FedEx fights proposal making it easier to unionize
For more than a year, FedEx and its bitter shipping rival, United Parcel Service (UPS), have been waging one of the fiercest lobbying battles in recent memory, with millions of dollars spent on advertising, websites, grass-roots organizing and other tactics more common to political campaigns.
The Washington Post
WASHINGTON — For more than a year, FedEx and its bitter shipping rival, United Parcel Service (UPS), have been waging one of the fiercest lobbying battles in recent memory, with millions of dollars spent on advertising, websites, grass-roots organizing and other tactics more common to political campaigns.
The reason? An obscure, 230-word provision that would require FedEx Express to comply with the same labor laws as UPS, making it easier for the Teamsters and other unions to organize.
The no-holds-barred battle has become the main sticking point in spending legislation for the Federal Aviation Administration (FAA), which is limping along on short-term funding while House and Senate negotiators wrangle over the proposal. The latest 30-day extension was approved last week.
The dispute also underscores the increasingly sophisticated, campaign-style tactics used by corporations and unions to press their positions, from drink makers condemning proposed soda taxes to the sweeping PR battles that swirled around the health-care debate.
But unlike those cases — where the policies in question would have broad impacts on consumers — the FedEx-UPS fight centers on a policy that would directly affect only one company.
"It is unusual to see a full-blown, integrated campaign of this type over such a specific and narrow policy issue," said Douglas Pinkham, president of the Public Affairs Council, a nonpartisan communications-strategies group that counts both FedEx and UPS as members.
"But I think it's a sign of things to come. You're going to see a lot more companies, associations and activist groups running public-relations campaigns that look a lot more like political campaigns."
The crux of the battle comes down to a quirk in the history of labor law: UPS drivers are governed by the National Labor Relations Act, while FedEx Express drivers are covered by the Railway Labor Act.
The former law is seen as more friendly to unions by allowing local organizing and the ability to strike. The latter, first applied to FedEx because it was founded as an airline, generally bans strikes and requires labor unions to organize an entire company at one time.
Now, under a provision sponsored by Rep. James Oberstar, D-Minn., and approved by the House, many employees at FedEx's express-carrier operation would be covered by the same labor law as UPS drivers.
FedEx and its voluble anti-union chairman, Fred Smith, have spent the past year attacking the proposal as a "brown bailout" for UPS and the Teamsters. The company has more than doubled its lobbying budget during the campaign, to about $1.5 million a month, disclosure records show.
FedEx has also taken to the road, organizing town-hall meetings, tours of FedEx facilities for prominent officials, publicity running on Facebook and other social media and even a campaign-style debate between two company spokesmen.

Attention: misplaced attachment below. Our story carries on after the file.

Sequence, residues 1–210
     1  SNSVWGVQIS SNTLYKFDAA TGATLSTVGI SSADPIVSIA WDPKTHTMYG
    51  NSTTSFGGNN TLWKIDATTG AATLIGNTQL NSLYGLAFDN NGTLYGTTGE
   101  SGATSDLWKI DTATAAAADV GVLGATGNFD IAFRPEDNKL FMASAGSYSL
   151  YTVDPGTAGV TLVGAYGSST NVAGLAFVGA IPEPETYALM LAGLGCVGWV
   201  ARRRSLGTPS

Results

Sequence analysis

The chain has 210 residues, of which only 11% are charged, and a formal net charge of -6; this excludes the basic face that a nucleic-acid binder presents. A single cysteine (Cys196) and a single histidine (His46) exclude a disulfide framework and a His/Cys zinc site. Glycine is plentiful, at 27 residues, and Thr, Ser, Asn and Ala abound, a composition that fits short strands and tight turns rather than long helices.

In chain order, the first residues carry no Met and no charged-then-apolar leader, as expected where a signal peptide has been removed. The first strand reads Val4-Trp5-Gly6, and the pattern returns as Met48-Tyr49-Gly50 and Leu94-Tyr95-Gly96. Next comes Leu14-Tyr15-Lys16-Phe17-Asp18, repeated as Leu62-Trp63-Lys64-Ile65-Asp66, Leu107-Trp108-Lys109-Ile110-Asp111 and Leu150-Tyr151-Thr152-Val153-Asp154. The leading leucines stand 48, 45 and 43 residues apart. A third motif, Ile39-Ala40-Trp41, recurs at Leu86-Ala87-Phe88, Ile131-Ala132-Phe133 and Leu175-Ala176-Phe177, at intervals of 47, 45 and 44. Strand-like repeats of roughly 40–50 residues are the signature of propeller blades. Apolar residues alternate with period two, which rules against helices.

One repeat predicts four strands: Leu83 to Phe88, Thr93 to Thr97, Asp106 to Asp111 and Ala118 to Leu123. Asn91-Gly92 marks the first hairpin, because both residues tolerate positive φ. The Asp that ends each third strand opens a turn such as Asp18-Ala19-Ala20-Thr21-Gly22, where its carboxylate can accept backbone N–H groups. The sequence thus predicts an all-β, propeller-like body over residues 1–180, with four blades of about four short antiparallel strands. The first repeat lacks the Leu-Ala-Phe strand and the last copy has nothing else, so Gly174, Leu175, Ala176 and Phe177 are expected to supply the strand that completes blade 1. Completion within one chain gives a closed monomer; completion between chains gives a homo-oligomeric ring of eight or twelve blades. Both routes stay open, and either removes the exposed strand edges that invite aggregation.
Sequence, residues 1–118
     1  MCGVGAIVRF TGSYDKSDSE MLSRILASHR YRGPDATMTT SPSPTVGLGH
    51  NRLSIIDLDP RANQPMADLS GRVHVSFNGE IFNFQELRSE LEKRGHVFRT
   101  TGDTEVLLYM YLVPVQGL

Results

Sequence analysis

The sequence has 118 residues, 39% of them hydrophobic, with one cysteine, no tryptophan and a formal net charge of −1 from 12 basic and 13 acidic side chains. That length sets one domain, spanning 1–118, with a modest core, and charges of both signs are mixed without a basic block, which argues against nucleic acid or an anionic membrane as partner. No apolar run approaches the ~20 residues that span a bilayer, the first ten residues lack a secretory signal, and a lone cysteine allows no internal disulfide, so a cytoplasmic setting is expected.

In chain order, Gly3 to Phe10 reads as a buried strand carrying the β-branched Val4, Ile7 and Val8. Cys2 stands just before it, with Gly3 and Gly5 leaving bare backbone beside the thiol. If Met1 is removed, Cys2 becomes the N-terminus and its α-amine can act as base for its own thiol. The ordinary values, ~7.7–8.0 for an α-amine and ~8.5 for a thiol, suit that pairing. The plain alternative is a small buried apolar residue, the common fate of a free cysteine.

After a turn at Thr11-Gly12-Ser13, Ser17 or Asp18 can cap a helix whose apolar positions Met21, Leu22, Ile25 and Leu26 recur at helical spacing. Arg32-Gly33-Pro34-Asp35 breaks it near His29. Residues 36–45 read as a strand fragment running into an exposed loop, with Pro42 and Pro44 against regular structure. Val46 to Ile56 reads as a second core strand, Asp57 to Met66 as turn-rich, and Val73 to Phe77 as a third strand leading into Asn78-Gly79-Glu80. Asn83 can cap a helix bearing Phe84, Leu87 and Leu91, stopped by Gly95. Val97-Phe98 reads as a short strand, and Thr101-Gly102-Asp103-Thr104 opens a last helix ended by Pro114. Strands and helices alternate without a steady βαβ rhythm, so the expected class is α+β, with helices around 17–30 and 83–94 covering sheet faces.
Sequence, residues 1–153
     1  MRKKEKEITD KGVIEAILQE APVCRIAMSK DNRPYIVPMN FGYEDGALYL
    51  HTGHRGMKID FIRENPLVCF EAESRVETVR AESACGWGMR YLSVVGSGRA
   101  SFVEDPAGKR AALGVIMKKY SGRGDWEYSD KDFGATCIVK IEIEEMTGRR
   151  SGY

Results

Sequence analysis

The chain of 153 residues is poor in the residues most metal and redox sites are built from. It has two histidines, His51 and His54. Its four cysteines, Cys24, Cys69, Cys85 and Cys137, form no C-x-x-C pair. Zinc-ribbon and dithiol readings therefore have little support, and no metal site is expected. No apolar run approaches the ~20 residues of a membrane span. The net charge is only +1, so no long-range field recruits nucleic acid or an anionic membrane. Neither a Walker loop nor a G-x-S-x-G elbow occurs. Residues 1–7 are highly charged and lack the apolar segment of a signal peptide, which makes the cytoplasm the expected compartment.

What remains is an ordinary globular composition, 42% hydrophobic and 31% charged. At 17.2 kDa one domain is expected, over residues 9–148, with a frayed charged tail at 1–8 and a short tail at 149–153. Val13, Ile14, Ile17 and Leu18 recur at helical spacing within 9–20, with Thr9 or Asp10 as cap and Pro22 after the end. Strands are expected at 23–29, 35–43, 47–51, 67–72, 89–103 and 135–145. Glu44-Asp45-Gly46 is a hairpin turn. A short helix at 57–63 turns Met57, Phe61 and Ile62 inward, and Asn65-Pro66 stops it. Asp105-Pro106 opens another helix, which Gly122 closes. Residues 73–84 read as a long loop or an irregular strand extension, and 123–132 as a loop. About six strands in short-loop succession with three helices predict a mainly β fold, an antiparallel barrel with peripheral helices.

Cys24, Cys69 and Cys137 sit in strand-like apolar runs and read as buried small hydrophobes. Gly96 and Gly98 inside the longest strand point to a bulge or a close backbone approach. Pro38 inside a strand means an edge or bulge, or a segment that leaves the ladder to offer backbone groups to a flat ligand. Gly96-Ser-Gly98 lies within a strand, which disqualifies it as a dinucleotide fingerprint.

"Day to day, we've run this much like the media team in a political campaign," said Maury Lane, FedEx's communications director. "The more we talked about our candidate, which was FedEx, the more people were willing to listen."
FedEx argues that the provision would open up the company to disruptive slowdowns and strikes, citing a bitter 1997 walkout at UPS.
That in turn could drive up costs for the Memphis, Tenn.-based company, forcing it to trim services in rural areas where costs are highest and profit margins thinnest, said shipping-industry expert Satish Jindel.
Smith, a longtime Republican fundraiser and past fraternity brother of former President George W. Bush, threatened to cancel an order for 15 Boeing cargo jets if the provision passes.
UPS and the Teamsters who drive its famous brown-and-gold delivery trucks have pushed back with lobbying efforts of their own, though they say they have spent less and have been less aggressive.
The firm's lobbying expenditures surged 60 percent last year, to more than $8 million, and both UPS and the union have helped organize petitions, phone calls and letters to Congress. (FedEx alleges that many of those letters were written under duress; UPS denies the charge.)
UPS and the Teamsters say FedEx is getting preferential treatment with a setup that effectively prevents about 50,000 Express drivers from unionizing. They say those employees should be treated like other truck drivers, including those who work for FedEx's separate ground-only operation.
Ken Hall, director of the package division at the Teamsters, also complains that FedEx has engaged in "scorched-earth" tactics in its attempt to kill the Oberstar provision. "This is an exception that benefits only one company in this entire country," he said. "The role of the federal government should not be to provide an advantage for one company over another."
For the moment, the two sides appear to be in a standoff. The GOP senators representing FedEx's home state of Tennessee, Lamar Alexander and Bob Corker, have threatened to filibuster any bill that includes the pro-UPS provision.
Oberstar and other union supporters also remain unbowed, leaving the fate of the provision up in the air.
Material from The Associated Press was included in this report.